I demand historical accuracy of my alternate-Europe: its geography, social constructs, and history may differ somewhat from the real world, but the background is as correct as my research allows. (And my interpretation of that research, of course.) But this conversation between two characters in my fifth book, Empire’s Reckoning, led me down a research path I hadn’t expected.
“Should I put the meadows along the water to the plough, if I can find seed? They’ve been grazed, but we’ll not have sheep in numbers for a few years yet.”
“If those meadows are like the Ti’ach’s, they’re wet,” I said. “Better leave them to the sheep, and plough better drained land, if you can.” He’d be late getting the barley in…
And then I stopped. This scene is taking place in early May, in a land that is an analogue of lowland Scotland, in more-or-less the 7th century. Was this TOO late to plant barley? Would it mature before winter came? (I have a graduate degree in crop science, and so I think about these sorts of things.)
I googled ‘medieval Scotland planting date barley’…and discovered something I didn’t know. (Not terribly surprising, that, except that due to the aforementioned graduate degree in crop science, I actually do know a fair bit about the origins of cereal grains. And the professor who taught that bit was not only a Scot, but a whisky aficionado…which will become relevant.)
What I discovered was ‘bere’ (pronounced bear): a barley race introduced to northern Scotland by the Vikings in the 8th century or earlier (earlier was good). Peter Martin, director of the Agronomy Institute at Orkney College, part of the University of the Highlands and Islands (UHI), says, ‘Bere is probably the oldest cultivated barley, definitely in Britain and probably one of the oldest still in cultivation in Europe.’ Adapted to the climate and soils of the far north, it matures in 90 days. Plenty of time for my character to plant it in lowland Scotland in mid-May (or even June by the time he gets those fields under plough) and harvest it in late summer.
It’s also taller than modern varieties, which means it has an unfortunate tendency to lodge, or fall flat on the ground near to harvest in heavy rain or wind. I knew this about older barley varieties, so I’d already written this later scene, a different landholder and a different year than the earlier one.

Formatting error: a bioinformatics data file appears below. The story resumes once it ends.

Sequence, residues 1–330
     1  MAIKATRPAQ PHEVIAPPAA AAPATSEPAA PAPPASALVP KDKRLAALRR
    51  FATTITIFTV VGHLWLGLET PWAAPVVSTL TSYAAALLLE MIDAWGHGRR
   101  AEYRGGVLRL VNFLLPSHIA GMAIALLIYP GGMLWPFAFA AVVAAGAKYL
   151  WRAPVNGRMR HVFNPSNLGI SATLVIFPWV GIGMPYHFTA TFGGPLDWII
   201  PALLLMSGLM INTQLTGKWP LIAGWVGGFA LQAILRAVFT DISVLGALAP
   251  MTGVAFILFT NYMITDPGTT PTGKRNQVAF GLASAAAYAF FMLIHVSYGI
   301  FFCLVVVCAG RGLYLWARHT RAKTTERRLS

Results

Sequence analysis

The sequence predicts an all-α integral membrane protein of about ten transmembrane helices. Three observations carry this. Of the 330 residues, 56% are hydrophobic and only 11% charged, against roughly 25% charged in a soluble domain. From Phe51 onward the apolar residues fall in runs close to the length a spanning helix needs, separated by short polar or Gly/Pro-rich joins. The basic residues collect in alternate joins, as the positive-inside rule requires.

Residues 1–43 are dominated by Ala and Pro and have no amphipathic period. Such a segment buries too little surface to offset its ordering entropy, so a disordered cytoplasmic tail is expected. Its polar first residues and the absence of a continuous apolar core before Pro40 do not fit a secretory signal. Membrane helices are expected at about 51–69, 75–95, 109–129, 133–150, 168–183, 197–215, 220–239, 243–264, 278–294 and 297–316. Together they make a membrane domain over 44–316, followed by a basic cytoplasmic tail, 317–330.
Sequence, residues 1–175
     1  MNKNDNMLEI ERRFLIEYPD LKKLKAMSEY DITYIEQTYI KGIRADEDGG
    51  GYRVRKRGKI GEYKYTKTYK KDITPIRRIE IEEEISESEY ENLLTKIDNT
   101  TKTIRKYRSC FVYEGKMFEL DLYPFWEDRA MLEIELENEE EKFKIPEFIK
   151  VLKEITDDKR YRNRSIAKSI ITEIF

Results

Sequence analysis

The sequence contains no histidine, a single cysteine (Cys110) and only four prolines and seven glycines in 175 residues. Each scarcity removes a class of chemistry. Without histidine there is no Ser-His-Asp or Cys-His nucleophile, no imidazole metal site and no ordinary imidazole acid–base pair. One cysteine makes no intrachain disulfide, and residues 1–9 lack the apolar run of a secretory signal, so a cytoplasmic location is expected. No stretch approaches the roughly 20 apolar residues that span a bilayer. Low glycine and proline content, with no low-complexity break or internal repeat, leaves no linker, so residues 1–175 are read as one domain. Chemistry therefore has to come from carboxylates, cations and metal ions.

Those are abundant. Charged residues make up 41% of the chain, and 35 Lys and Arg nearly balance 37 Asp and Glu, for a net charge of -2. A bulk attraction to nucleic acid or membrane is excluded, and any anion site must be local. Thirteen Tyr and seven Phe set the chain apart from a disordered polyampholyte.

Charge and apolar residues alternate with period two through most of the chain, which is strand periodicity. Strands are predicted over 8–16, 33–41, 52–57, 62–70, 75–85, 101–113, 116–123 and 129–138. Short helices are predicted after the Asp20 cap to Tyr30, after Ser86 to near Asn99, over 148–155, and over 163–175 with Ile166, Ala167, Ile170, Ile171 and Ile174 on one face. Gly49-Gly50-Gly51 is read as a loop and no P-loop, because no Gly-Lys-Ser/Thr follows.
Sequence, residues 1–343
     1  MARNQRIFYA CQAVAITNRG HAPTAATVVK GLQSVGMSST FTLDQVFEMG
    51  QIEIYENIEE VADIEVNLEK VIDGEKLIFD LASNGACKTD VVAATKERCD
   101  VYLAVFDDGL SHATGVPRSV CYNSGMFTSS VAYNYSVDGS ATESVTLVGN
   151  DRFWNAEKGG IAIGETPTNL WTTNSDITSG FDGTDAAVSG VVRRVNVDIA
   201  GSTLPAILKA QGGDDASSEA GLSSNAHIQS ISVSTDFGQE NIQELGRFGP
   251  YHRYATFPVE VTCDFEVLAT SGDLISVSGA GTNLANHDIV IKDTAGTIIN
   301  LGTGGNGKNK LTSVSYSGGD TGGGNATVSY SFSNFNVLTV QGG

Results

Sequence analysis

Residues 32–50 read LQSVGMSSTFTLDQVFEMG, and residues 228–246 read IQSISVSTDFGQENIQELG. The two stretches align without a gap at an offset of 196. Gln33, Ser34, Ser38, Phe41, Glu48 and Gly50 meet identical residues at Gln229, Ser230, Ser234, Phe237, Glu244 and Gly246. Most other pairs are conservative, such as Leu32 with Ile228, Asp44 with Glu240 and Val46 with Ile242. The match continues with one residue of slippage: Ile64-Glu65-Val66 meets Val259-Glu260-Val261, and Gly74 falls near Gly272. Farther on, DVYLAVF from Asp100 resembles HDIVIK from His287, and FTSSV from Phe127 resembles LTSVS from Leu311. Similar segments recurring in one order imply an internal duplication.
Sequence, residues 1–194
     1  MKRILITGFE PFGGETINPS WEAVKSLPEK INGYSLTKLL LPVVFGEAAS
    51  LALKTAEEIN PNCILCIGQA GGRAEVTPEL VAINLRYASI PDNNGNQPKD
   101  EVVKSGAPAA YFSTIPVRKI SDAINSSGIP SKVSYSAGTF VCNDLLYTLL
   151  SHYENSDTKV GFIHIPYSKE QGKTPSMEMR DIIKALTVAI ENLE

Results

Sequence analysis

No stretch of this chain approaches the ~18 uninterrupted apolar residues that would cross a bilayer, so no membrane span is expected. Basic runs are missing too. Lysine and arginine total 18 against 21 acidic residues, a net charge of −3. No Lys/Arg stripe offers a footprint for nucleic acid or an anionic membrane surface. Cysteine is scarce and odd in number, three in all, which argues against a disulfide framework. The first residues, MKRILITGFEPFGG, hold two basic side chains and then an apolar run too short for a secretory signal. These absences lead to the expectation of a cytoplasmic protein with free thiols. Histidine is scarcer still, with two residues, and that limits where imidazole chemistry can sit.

In the long summer twilight, the clouds and rain now blown eastward, we walked up to the barley fields. Much of the grain lay flat. Roghan clicked his tongue. “Harder work for the men,” he said. At the greener field, he shook his head. “It will mould before it ripens. We’ll try to rake it, but likely I’ll turn the cattle out on it in the end.”
At the start of this century, there may have been less than 10 hectares of bere left in Scotland, grown only in small fields in the far northern and western islands. What has saved it is its unique flavour when used to brew beer or whisky. Small breweries and small distilleries produce short-run, expensive beverages with it, aimed at the increasing market for local-provenance food and drink. Barony Mill, a watermill on Orkney, produces flour (beremeal) from it as well. It’s a tough grain, difficult for modern machinery to handle — and would likely have ground down the teeth of people who ate it regularly (that and the flakes of stone from the grinding).
I’m visiting Orkney in April, too early to see bere growing. I’ll look for the whisky, if it doesn’t break the bank. Well, maybe one glass, somewhere on that northern island, in honour of my constructed world and the real one it’s based on.
(Well, that visit didn’t happen, because COVID did. Still hoping to get there someday!)